Not such a super result for casuals

by Jamie Wells

Calculating contributions

Compulsory superannuation contributions are made on the employee's notional earnings base. If an industrial award sets the formula for calculating the notional earnings base, that is the appropriate formula to apply. If an award provision is absent, the notional earning base is set by reference to ordinary time earnings. For permanent employees, the scope of ordinary time earnings is relatively clear. Superannuation Guarantee Ruling 94/4 assists by setting out express inclusions and exclusions.

Usually, hours remunerated at an overtime rate are excluded. For casuals, the distinction between ordinary time earnings and overtime earnings is less clear. Although many awards entitle casuals to overtime rates of pay, the inherent flexibility of casual employment leaves room for the possibility that wages paid at overtime rates should still be taken as ordinary time earnings.

The High Court reviewed the casual superannuation issue in the context of the Clerical Employees Award – State (Qld).1 The award had a clause dealing with superannuation contributions, and required contributions to be made on ordinary time earnings. Ordinary time earnings was specifically defined to exclude overtime, consistent with the meaning given under SGR 94/4.

Different views

The court considered three possible outcomes for casuals. Superannuation contributions might be due in relation to:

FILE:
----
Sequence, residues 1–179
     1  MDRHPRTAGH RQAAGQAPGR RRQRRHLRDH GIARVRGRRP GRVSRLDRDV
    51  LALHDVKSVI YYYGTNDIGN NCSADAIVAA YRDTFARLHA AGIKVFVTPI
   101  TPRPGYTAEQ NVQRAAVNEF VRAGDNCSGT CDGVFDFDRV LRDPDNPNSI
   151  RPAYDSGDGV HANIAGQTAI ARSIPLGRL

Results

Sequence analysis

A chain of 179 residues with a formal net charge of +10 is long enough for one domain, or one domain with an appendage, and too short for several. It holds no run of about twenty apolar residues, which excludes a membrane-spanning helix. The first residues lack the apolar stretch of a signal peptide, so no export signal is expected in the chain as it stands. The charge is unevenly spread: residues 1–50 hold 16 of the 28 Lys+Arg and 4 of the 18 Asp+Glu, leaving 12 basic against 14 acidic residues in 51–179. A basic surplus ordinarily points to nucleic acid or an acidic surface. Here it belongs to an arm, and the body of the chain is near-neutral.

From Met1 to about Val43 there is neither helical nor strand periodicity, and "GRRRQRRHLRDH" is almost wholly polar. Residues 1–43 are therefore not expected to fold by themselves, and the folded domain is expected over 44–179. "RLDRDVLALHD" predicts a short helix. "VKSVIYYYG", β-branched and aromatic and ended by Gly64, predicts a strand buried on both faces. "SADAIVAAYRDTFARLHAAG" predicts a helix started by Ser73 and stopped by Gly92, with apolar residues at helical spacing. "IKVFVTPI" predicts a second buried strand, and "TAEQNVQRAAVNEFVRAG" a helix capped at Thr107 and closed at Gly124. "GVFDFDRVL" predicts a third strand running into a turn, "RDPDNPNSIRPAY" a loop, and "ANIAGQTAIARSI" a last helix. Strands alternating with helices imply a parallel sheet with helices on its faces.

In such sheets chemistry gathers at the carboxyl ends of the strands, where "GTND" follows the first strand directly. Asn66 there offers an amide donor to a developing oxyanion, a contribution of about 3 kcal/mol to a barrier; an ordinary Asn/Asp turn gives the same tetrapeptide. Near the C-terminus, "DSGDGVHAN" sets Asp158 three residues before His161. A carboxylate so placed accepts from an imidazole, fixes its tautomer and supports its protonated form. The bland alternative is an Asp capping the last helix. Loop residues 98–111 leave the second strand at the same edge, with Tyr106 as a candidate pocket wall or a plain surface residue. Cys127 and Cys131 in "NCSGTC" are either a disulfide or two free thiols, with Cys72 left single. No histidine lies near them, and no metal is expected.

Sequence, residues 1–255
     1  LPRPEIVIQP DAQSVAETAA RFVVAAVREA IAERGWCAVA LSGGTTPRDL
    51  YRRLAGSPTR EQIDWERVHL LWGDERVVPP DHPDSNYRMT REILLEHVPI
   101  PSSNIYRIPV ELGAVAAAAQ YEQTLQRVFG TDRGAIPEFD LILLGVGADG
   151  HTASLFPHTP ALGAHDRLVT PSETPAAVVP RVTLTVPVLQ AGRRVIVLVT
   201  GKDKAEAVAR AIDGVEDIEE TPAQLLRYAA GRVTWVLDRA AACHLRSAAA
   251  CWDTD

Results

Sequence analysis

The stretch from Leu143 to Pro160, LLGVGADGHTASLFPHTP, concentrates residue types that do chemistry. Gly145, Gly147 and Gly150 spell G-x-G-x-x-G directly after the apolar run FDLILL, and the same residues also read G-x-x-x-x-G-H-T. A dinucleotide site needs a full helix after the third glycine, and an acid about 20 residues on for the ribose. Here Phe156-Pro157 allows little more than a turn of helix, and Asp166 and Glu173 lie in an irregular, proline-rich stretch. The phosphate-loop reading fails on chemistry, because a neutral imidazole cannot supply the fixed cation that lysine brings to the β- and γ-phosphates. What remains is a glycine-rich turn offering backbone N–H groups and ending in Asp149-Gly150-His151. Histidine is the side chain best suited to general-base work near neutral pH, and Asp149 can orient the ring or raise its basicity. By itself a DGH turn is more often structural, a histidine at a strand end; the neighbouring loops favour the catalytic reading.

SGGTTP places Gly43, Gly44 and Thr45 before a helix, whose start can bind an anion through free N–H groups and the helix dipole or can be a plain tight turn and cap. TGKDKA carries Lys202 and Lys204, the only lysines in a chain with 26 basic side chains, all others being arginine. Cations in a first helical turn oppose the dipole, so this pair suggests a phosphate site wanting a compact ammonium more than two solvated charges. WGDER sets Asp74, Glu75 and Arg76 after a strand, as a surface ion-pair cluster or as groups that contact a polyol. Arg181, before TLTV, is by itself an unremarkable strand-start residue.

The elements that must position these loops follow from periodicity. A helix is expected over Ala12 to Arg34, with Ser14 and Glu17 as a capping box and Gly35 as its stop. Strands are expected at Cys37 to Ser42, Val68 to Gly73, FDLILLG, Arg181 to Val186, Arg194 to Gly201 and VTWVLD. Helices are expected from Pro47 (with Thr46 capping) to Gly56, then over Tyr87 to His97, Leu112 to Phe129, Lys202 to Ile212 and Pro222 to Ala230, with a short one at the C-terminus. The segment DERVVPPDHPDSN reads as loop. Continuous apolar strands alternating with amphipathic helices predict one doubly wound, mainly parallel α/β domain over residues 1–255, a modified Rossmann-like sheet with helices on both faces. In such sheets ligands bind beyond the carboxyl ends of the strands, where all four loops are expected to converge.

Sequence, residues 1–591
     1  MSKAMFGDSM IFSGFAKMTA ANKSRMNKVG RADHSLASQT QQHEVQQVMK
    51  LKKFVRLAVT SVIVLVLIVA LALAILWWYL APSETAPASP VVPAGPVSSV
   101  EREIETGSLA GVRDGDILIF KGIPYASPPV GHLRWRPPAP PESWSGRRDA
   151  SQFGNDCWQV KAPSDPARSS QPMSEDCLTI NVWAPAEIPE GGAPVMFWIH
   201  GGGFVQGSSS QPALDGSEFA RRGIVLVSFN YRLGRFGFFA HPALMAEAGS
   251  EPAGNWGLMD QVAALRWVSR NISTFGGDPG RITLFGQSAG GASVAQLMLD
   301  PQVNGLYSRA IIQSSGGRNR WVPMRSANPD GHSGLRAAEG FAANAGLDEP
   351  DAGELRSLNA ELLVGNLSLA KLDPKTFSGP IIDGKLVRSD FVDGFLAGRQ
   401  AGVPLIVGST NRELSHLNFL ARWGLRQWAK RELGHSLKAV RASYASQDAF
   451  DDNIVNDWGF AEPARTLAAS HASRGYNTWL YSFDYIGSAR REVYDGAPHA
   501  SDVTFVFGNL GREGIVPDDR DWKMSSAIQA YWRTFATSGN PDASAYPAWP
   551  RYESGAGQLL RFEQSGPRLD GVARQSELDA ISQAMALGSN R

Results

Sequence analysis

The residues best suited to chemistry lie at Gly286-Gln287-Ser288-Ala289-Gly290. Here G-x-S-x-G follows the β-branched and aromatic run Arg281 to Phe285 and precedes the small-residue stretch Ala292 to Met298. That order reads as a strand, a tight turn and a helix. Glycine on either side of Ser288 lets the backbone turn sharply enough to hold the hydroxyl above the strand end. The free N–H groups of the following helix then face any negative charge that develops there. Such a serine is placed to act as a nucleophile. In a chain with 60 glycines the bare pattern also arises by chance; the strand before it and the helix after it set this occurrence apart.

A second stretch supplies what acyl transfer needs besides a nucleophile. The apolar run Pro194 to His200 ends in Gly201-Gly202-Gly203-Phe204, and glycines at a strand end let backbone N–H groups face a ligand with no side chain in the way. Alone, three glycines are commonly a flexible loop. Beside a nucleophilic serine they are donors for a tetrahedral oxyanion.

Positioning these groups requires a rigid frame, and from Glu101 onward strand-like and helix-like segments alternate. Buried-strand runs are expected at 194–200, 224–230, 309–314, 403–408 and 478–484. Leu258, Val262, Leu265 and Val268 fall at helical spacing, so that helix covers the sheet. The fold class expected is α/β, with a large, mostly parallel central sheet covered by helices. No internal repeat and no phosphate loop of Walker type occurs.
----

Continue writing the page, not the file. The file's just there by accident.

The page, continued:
• only those hours worked at the base rate of pay; or

  • all hours worked by casuals, regardless of the actual rate of pay for each hour. Ordinary time earnings would include all earnings for those hours, whether at the base rate or at the overtime rate; or

  • all hours worked by casuals, regardless of the actual rate of pay for each hour. However, for superannuation purposes, the base rate is applied for all hours.

  • The third option, taking into account all of the hours worked but only at the base rate was favoured on appeal to the Federal Court2. It adopted a middle ground in between the two options put forward by the parties. The right option was far from clear, because of the inherently poor fit between the superannuation legislation and the award classification. As a result, each option received its share of support as the dispute proceeded through the appeals process.

    High Court decision

    Ultimately, the first option was accepted by a majority of the High Court. This means that, in the context of that particular award, casuals might have a lower notional earnings base by excluding some of the hours actually worked. For a casual working only hours paid at overtime rates, the possibility remained that all hours might be excluded.

    The scope of the High Court's decision is uncertain, other than for casuals employed under the Clerical Employees Award – State (Qld). However, many awards permit overtime rates to be paid to casuals and there is no reason to believe a similar approach should not be taken to casual superannuation under those awards.

    Because of uncertainty in this area, the approach of employers to casual superannuation contributions has not been uniform. This decision now offers a rationale for preferring one option over another, giving the employer confidence that it has been considered at the highest level. There is enough in the decision to suggest it might be followed where there is no award provision in play and SGR 94/4 applies. Whether it assists in the context of other awards will depend on the precise formula set out in those awards.

    1. Australian Communication Exchange v DCT [2003] HCA 55

    2. DCT v Australian Communication Exchange [2001] FCA 1664


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